Africa set for subsea cable surge
The investment expected to be ploughed into African submarine cable construction this year and next is more than double that which will be spent on systems anywhere else in the world.
This is according to telecommunications market research firm Telegeography. The telecoms analysis company's latest data for long-haul networks and the undersea cable market, Global Bandwidth Research Service, reflects the recent surge in submarine cable construction globally and projects global growth into 2013.
Data shows $2 billion will be invested in new subsea cable systems for Africa in 2012 and 2013, almost double the amount spent in 2010 and 2011. This is also more than double the amount that will be spent on cable systems in any of the other eight main global regions, including Latin America and Caribbean, Asia and the Trans-Atlantic. By comparison, Asia is second in line in terms of financial outlay and will see an investment of about $800 million in 2012 and 2013.
Globally speaking, Telegeography says 19 systems, worth an aggregate $3.7 billion, were launched in 2010 and 2011 and, throughout 2012 and 2013, 33 submarine cable systems costing a projected total of $5.5 billion will be deployed. “And the pace of growth will only pick up in the next few years.”
Locally, Africa's shoreline has had a fair share of action recently and will see that continue into 2013. Just this week the Brics countries - Brazil, Russia, India, China and SA - announced a new 34 000km cable to link the five countries to the US. The West African Cable System landed in Cape Town a year ago and is set for commercial launch next month. The Africa Coast to Europe cable is set for launch this year, while the South Atlantic Express cable is anticipated for 2013.
The submarine cable construction spurt, says Telegeography, may seem superfluous, given the vast amount of untapped potential capacity on many existing submarine cables. However, it notes that it is not capacity restraints that are driving most new cable projects. Analyst Tim Stronge says operators are deploying new systems for a variety of reasons, including physical route diversity, latency reduction, strategic advantage and “the lure of relatively high price margins” on some of the routes.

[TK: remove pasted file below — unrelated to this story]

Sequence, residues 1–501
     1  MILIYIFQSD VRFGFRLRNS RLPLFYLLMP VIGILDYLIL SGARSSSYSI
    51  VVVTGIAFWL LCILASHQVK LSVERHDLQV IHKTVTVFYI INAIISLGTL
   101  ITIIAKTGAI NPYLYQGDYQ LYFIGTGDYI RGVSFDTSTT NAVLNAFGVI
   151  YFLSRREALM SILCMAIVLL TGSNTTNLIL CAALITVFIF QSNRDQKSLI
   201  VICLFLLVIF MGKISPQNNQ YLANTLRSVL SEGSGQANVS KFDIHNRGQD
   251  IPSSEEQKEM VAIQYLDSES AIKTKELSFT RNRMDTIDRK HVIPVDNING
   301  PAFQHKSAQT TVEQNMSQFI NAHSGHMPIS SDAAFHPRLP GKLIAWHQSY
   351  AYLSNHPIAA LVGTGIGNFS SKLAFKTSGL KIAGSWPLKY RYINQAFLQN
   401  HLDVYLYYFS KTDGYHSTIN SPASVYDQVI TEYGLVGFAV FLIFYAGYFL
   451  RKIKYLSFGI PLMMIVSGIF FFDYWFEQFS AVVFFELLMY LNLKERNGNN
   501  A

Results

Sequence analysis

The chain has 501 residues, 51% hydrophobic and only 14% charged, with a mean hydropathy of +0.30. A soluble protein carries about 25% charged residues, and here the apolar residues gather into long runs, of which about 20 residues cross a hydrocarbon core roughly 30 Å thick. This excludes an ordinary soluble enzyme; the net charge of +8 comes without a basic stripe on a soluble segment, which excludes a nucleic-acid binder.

World Wide Worx MD Arthur Goldstuck presented a talk, “Unravelling the undersea cables”, at the Broadband Confex, in Sandton this week, in which he outlined the position and development of sub-Saharan cables.
Goldstuck's research projects Sub-Saharan cable capacity for 2013 at 35 470Gbps - an increase of 12 800Gbps compared to this year and 27 120Gbps more than in 2011. In 2008, sub-Saharan capacity sat at just 80Gbps.
“We are seeing an ongoing and dramatic increase in total cable capacity to sub-Saharan Africa - most of which will serve SA as well. However, total capacity shouldn't be confused with capacity in use. The industry term for used capacity is lit fibre, as opposed to dark fibre, which is unused capacity that has not been switched on,” he explains.
At this stage, he says, well under 1Tb of the potential 22Tb capacity serving sub-Saharan Africa is actually in use.
Goldstuck says the benefits of the considerable capacity do not lie in the capacity itself. “[Rather the benefits lie in] the fact that it provides competition, which in turn forces down prices; it provides redundancy, which means we are not at the mercy of the elements or criminal activity when one line breaks; it improves latency, which means less of a signal delay for applications that need instant interactivity; and it entirely removes the traditional bottleneck of lack of international options, which had a knock-on effect on all of these other factors.”